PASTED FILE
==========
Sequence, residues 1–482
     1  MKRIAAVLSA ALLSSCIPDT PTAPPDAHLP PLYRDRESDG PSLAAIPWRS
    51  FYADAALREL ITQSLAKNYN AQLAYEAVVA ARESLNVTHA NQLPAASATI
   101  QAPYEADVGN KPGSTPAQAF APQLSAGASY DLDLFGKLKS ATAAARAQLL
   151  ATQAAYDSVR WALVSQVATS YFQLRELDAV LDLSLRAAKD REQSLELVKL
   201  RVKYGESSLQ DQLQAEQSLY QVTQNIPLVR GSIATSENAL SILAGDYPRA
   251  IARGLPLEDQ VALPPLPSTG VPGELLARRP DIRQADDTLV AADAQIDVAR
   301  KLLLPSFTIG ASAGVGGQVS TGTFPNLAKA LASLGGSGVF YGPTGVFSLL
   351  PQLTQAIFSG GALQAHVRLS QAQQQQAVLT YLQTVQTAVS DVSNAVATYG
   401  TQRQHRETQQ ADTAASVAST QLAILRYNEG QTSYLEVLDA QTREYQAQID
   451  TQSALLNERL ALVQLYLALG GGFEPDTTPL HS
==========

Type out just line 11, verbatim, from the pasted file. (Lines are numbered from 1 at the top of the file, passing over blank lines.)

   451  TQSALLNERL ALVQLYLALG GGFEPDTTPL HS